Skills

Commenting, Ryan Shorthouse, director at Bright Blue, said:

“The introduction of a National Skills Fund and a Right to Retrain are welcome. Bright Blue’s research shows the biggest barrier to lifelong learning is the cost of tuition. The Conservatives should introduce lifelong learning loans, where all adults will be able to access tuition fee loans for all types of continuous professional development courses. They would repay their loans through the PAYE scheme under stricter repayment rules for every new qualification undertaken.”

Student loans

Commenting, Ryan Shorthouse, director at Bright Blue, said:

“The Government seems to be tempted to adopt the recommendation of the Augar Review and lower the interest rate on student loans. This would be foolish. This would help only the wealthiest graduates, by reducing the number of months they repay their student loans for over their working life. Cutting interest rates would make no difference to the total amount currently repaid by the overwhelming majority of graduates.”

Restoration of Nurses’ Bursaries

Commenting, Ryan Shorthouse, director at Bright Blue, said:

“I thought that shifting the maintenance support that nurses receive during their training from a grant to a loan would make no difference to participation rates. I was wrong. It was a mistake for government to do this, and it is associated with a worrying decline in new nurses. The Conservatives should be applauded for bringing back Nurses’ Bursaries as part of its NHS People Plan.”

Welfare

Commenting, Anvar Sarygulov, researcher at Bright Blue, said:

“It is of great disappointment to see no attempt by the Conservatives to address the remaining issues with Universal Credit. As Bright Blue research has shown, a significant minority of claimants still struggle with the current system, particularly the initial five-week wait. Additional support for self-employed workers, elderly claimants and people with physical and mental disabilities is needed if the Universal Credit is to work for all.”   

“While it is good to see a confirmation that the benefit freeze is ending, it is wrong for the Conservatives to take no action in rectifying the major issues that it caused. Without additional funding, Local Housing Allowance rates will continue to be significantly below the actual cost of renting in majority of areas, putting a significant strain on families on the lowest incomes.”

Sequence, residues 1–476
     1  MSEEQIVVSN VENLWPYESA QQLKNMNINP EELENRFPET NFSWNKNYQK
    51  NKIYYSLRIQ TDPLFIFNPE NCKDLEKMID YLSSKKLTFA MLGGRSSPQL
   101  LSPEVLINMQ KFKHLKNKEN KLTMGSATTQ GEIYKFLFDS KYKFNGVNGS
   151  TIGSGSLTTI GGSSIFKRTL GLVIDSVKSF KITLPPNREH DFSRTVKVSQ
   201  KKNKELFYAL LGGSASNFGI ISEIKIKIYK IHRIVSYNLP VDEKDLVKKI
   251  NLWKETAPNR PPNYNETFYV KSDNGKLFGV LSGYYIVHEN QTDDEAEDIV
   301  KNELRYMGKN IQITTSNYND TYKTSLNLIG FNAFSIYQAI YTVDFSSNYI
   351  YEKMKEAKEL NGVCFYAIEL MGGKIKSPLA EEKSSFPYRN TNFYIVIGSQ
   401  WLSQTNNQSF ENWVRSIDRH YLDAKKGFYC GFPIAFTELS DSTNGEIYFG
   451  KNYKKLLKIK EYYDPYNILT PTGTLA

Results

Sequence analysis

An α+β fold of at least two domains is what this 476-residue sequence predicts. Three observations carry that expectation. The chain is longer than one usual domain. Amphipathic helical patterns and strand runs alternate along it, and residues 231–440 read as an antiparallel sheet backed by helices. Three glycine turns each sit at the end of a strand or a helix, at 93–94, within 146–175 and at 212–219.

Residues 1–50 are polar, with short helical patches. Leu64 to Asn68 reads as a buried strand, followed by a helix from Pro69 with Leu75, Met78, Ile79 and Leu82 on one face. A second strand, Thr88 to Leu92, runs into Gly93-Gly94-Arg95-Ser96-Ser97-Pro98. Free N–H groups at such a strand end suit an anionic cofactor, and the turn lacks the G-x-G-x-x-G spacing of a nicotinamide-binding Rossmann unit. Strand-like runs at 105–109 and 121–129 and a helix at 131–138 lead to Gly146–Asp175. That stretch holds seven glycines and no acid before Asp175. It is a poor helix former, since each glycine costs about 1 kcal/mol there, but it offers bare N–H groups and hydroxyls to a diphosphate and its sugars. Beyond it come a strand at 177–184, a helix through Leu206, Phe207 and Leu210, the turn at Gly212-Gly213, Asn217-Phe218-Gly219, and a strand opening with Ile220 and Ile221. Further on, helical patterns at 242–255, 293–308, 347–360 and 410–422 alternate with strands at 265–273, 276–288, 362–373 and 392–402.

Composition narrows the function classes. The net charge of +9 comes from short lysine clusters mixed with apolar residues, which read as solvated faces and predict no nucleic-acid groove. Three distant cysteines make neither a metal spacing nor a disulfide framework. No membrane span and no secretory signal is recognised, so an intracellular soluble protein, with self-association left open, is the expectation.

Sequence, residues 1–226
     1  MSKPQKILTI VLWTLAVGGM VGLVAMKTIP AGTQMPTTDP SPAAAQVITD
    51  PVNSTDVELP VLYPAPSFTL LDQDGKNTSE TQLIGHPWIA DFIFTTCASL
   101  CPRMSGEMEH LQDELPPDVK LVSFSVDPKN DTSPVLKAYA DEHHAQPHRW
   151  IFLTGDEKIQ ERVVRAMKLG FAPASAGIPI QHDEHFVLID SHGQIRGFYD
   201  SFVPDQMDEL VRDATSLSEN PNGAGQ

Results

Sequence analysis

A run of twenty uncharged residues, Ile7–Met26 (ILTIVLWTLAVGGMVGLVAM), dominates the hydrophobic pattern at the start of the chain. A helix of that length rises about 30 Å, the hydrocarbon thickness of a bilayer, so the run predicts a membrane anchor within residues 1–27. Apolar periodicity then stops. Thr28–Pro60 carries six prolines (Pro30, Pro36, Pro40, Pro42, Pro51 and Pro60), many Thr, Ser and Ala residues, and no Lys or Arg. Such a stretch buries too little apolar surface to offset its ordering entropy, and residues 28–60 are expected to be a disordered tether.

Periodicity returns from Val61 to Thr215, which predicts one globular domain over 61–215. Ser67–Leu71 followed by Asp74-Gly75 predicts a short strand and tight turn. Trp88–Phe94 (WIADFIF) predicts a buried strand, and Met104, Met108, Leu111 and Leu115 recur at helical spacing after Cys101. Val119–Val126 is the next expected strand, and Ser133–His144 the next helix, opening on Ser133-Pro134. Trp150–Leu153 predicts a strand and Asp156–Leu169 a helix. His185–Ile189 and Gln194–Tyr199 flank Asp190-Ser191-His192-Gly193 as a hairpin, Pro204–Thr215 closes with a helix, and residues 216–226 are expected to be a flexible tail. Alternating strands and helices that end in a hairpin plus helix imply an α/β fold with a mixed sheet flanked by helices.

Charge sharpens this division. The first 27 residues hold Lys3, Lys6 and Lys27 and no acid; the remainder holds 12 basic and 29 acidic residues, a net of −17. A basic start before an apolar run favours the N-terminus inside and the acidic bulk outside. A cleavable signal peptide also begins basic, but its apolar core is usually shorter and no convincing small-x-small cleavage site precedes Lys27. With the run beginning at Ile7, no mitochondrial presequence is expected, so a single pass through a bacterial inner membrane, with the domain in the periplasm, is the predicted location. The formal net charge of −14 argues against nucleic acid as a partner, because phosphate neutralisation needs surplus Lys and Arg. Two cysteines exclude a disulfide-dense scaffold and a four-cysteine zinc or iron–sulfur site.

Housing

Commenting, Anvar Sarygulov, researcher at Bright Blue, said:

“It is good to see the Conservatives continuing to take action to help private renters after their ban on excessive tenant fees. The abolition of ‘no fault’ evictions will make private renting more secure, while adopting a single ‘lifetime’ deposit will make it much easier for tenants on low income to move.”

“While it is good to see a promise to bring forward a Social Housing White Paper, it is disappointing to see the lack of a specific commitment on increasing the number of social homes. Housebuilding in Britain has tended to reach significant numbers only when governments committed to building a significant number of social homes, and the Conservatives will have to deliver them if they are serious about their 300,000 annual target.”

Homelessness

Commenting, Anvar Sarygulov, researcher at Bright Blue, said:

“The rise in rough sleeping in the past decade is a national scandal. The Conservatives are correct in pursuing full enforcement of the Homelessness Reduction Act, but it is unclear if they are prepared to provide the additional funding that cash-strapped local authorities need to accomplish this.”